Learning About Whooping Cranes at the Lussier Family Heritage Center
by Aissata Bah, age 11
My sisters and I attended a recent event at the Lussier Family Heritage Center. On a nice breezy day, sitting under a tree, our presenter, Lizzie Condon, a Whooping Crane Outreach Coordinator at the International Crane Foundation, taught us all about the Whooping Cranes.
The International Crane Foundation was founded in 1973 in Baraboo, Wisconsin. Founders Ron Sauey and George Archibald wanted to protect cranes. Today’s Crane Foundation has 15 different crane species in captivity. They work to keep cranes and their ecosystems safe, especially in wetlands and flyways. A Whooping Crane outreach Coordinator is someone who conducts outreach to communities and encourages people to share the landscape with Whooping Cranes.
Baby whooping cranes are called colts. When they are born the colts have to be “imprinted” on a crane or in rare cases, humans. Imprinting means when you are born you get attached with the first thing you see. As Condon explains, A colt needs a parent or surrogate to care for it or it will end up dying. According to Condon, a crane named Tex grew up with humans, so she imprinted on humans and would not mate with a male whooping crane. Then, one of the co-founders, Archibald, became her “mate.” And she finally laid an egg through artificial insemination, which researchers named Gee Whizz.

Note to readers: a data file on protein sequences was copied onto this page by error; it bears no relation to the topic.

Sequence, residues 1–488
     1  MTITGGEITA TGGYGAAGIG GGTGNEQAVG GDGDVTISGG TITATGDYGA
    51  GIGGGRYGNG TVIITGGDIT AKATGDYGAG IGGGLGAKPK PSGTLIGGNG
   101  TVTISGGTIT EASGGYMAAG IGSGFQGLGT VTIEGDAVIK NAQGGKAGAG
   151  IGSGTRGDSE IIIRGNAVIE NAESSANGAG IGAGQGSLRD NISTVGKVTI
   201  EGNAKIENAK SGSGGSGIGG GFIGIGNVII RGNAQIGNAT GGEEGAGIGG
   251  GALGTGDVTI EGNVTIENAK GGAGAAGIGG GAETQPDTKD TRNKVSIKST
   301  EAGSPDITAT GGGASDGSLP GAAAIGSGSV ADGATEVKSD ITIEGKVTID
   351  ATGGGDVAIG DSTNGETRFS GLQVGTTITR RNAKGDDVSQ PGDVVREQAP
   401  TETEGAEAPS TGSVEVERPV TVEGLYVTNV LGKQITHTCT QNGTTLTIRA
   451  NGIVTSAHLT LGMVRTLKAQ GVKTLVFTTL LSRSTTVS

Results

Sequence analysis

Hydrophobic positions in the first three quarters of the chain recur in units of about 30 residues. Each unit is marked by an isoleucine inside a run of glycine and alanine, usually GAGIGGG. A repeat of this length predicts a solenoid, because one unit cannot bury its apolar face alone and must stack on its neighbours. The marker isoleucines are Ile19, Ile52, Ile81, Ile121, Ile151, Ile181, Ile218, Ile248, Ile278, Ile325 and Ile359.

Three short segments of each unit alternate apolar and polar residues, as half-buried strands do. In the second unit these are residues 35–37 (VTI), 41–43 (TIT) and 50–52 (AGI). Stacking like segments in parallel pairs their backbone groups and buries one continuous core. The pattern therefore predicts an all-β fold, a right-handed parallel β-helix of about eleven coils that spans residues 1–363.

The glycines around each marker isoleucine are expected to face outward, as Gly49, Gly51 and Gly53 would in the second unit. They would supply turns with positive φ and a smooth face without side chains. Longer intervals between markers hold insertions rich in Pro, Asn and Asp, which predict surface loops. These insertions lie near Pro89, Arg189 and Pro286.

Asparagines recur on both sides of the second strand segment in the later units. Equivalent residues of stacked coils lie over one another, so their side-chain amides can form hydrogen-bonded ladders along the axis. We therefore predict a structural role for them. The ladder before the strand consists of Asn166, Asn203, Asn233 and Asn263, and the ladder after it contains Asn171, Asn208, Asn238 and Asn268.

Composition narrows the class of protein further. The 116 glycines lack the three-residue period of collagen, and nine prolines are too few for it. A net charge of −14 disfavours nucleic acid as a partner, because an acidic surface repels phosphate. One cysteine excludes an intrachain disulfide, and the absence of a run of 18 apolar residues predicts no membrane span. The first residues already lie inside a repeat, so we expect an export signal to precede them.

Whooping cranes almost went extinct due to hunting and habitat loss. People hunted the cranes for feathers, food, and trophies. Climate change, human interference and construction also caused environmental loss. Their near extinction led to less than 30 cranes by 1940-1950, with only 20 in the wild. But, killing protected migratory birds (including whooping cranes) became illegal in 1918.
The population of cranes in the world is now 800. The International Crane Foundation continues to educate people and protect wetlands. For example, during the event at the Lussier Center we learned about what to do when if we spot cranes.
Every Week on Thursday at the Lussier Family Heritage Center, guest presenters teach people about lots of different things related to nature and the outdoors. The International Crane Foundation, located in Baraboo, also has new exhibits, visitor center, gift shop, support programs and membership opportunities. You can visit their website at, https://www.savingcranes.org/report-whooping-crane/.
I am glad I went to this event. I enjoyed learning how we can help whooping cranes, and all of Wisconsin’s crane species, remain healthy in our state. The Lussier Family Heritage Center offers a range of interesting programs and events throughout the fall. You can learn more by visiting the events page of their website.